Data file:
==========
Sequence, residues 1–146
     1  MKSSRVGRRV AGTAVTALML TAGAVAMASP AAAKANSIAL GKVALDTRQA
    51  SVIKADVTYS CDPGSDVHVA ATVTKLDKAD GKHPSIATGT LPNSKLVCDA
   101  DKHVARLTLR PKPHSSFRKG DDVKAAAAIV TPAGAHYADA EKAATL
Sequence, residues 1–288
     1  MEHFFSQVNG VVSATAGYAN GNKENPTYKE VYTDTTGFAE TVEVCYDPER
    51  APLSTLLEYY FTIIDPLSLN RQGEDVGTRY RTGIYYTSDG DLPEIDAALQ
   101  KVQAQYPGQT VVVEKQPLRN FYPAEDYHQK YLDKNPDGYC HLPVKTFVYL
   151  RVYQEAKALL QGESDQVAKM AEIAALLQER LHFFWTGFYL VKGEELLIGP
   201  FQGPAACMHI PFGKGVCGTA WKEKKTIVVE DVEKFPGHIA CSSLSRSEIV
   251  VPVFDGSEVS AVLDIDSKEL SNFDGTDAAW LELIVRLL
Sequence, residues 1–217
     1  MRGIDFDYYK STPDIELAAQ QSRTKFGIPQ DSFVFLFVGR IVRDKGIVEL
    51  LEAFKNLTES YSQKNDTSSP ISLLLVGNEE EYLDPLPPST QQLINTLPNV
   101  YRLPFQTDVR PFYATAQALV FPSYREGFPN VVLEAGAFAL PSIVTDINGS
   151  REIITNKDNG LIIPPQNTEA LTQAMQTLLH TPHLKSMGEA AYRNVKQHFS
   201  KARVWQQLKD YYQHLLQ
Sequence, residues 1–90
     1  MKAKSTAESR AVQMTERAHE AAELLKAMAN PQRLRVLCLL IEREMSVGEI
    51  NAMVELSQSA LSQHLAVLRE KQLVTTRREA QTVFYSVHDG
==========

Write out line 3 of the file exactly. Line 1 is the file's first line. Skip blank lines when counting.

    51  SVIKADVTYS CDPGSDVHVA ATVTKLDKAD GKHPSIATGT LPNSKLVCDA